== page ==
Wednesday, August 31, 2011

Up the Hill: Memories of Ranger Hill on US-80 and the Bankhead Highway

Old time truckers have many tales of Ranger Hill in the days before Interstate 20 toned things down. It's still quite a hill to climb and there are remnants remaining of the earlier roads that took different, more difficult paths to climb the steep grade.

Ranger Hill really starts in Eastland County at about where IH-20 and SH-16 meet a few miles south of Strawn. It's on the flat plain skirting the lower Palo Pinto Mountains.  For those headed west, the escarpment juts up steeply and is a real barrier to any reasonably straight approach to Ranger and the cities beyond it on the way to Abilene and El Paso. The 300 foot elevation change from the bottom to the top of the hill would have made it almost impossible for use as a wagon road without multiple switchbacks. In times past, Ranger Hill has also been called Thurber Hill, although that usage is not as common today.

Old Road From Strawn to Ranger Pre-1919 ~ No Direct Route From Thurber to Ranger

As far as is known, the earliest main road from Strawn and Thurber followed the Texas & Pacific Railroad as it stayed at water level through Wiles Canyon into what was Tiffin and then Ranger. The Texas and Pacific Coal Co., which owned the coal mines at Thurber and had the oil play around Ranger, seem to have pushed their own privately financed road up across the Hill in about 1919 after which it was taken over by the State Highway Commission as part of SH-1 and the Bankhead National Highway. By this time cars and trucks that could handle the climb were in more common use. 

Ranger Hill From SH-16 to First Crest ~ Click to Zoom
We can see how really steep the Ranger Hill grade is by using the Google elevation display.  Starting at about 1130' above sea level (Almost 600 feet higher than Fort Worth) a sweeping left hand turn ends up about 200' higher in a very short stretch.  Still climbing, it's another 60' to the first crest at 1400' elevation. From this point it levels for a while and then climbs a little more than 100' to about 1530' at the site of the old Ranger Hill Station complex.

Just to the north of the main road is the old US-80/SH-1/Bankhead Highway route that attempts to cut the grade a little by circling wider around a hill and then pushes on up to the 1400' crest point where it rejoins the present highway on the way up.

Ranger Hill Station Today ~ Click to Zoom
For a place that was once known as a welcome landmark on the trip from Fort Worth to points west, Ranger Hill Station looks pretty sad today. However, in its day it was an oasis for those with steaming radiators, flat tires, burned clutches and useless brakes.  A whole community grew up on the Hill, aimed entirely at needy travelers and their vehicles.

The Ranger Hill Community ~ Click to Zoom
The Ranger Hill Station is located about a half-mile up the hill after exiting IH-20 to Ranger. This is the old US-80/Bankhead route. To the west of the station, were other service stations and buildings and shops some of which are in use today for other purposes.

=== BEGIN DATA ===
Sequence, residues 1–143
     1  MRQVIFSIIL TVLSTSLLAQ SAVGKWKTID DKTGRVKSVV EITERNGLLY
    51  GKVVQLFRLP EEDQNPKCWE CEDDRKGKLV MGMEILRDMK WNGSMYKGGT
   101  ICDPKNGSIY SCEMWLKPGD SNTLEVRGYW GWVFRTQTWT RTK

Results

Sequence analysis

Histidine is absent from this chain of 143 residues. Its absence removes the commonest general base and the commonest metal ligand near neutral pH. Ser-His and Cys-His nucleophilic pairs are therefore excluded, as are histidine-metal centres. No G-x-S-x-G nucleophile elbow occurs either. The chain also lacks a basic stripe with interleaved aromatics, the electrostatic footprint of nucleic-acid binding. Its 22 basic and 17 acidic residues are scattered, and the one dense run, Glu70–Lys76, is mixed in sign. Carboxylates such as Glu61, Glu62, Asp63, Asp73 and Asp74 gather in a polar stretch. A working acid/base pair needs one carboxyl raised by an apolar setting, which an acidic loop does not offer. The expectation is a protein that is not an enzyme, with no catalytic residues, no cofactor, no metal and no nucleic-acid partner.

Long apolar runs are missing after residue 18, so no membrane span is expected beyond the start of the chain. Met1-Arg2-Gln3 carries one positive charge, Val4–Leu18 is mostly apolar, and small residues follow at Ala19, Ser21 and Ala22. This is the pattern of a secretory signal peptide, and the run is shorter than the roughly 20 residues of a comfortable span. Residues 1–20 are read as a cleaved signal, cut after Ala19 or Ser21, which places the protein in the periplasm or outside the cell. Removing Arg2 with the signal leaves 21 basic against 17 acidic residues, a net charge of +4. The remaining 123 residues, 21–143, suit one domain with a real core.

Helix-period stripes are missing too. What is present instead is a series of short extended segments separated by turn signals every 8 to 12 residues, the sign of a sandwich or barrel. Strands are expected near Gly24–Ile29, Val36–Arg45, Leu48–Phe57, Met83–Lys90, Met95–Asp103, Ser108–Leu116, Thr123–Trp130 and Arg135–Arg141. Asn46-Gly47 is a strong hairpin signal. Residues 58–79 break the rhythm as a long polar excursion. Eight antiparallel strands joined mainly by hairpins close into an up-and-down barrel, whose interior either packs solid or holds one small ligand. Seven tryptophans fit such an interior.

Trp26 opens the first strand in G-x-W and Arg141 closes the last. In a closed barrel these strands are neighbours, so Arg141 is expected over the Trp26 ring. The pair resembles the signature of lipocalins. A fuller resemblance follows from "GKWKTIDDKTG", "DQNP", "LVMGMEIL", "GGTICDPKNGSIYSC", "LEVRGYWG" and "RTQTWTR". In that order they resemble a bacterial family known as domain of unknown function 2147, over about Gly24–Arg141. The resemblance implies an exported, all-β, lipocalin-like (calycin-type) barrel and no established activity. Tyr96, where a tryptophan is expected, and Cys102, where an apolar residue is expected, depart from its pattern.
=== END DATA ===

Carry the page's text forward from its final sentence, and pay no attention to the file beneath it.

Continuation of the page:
Interestingly enough, it has just recently been announced that much of the area north of Ranger Hill will probably be in the new state park which begins just to the west of Strawn.  

Old Service Station-Now a shop ~ Click to zoom
The station itself had a coffee shop and there were at least two motels to shelter those who got caught at the top of the hill as well as at least one other gas station. There was a well-built field stone motel on the north side across from the station and it also appeared to have a coffee shop in the main building.

Motel Office and sign. Probably a Coffee Shop as Well ~ Click to Zoom
The shells of these buildings and their roofs appear to be in fair shape today. There is no name on what was once a lighted sign.
Stone Motel Office and Cabins ~ Click to Zoom

On the south side of the road to the east of the station and set back a little are the decaying ruins of another motel with cabins. There's no way to know how these might have looked back in their glory days..

Decaying Cabins On South Roadside ~ Click to zoom
Ranger Hill Station and the little service community that grew up around it was the stuff of legends among early truck drivers, oil men, commercial travelers and tourists. It's surprising that there hasn't been a song or two written about the wrecks and near misses and the shady things that may have gone on at the hilltop. Ranger Hill  has faded now, baking in the hot sun or enduring the cold northers, but its a place that ought to be visited before it is no more.

From Ranger.. Looking West ~ Click to Zoom

Once past Ranger Hill Station, it's a few miles into Ranger itself where there are some interesting buildings, some history and  some almost pristine remnants of the old red Thurber brick Bankhead Highway to Eastland......

Another time..

All images from The Electric Books Collection


  1. Great article, and great pictures. Keep up the good work.

  2. Great stuff, Pete. You really found some postcards from the past out there.

  3. Pete, you forgot to mention that just west of the stone cabins (with the Texas Stars imbedded) are the remains of a drive-in theater. It's on the north side of the road (old 80), as I recall across from "Ranger Hill" station. Last time I was by there, rusty old metal lawn chairs were still in place by the projection booth - just waiting for the movie to start.

  4. Pete are you aware of any photos illustrating the grade from bottom to top of the 200' section of Ranger Hill that was contiguous?